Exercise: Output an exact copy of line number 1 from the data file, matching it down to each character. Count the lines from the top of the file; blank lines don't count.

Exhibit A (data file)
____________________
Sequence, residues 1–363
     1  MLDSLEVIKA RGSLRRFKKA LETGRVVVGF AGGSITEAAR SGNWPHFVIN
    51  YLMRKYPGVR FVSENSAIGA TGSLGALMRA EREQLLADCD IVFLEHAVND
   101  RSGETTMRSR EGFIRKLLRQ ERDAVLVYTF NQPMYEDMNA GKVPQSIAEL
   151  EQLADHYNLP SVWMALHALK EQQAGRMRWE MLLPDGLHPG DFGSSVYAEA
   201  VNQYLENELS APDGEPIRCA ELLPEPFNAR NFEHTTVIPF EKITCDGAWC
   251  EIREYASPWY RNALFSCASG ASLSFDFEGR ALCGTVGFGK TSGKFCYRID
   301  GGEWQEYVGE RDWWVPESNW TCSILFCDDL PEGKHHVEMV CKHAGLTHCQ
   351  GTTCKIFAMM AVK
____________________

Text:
Sequence, residues 1–363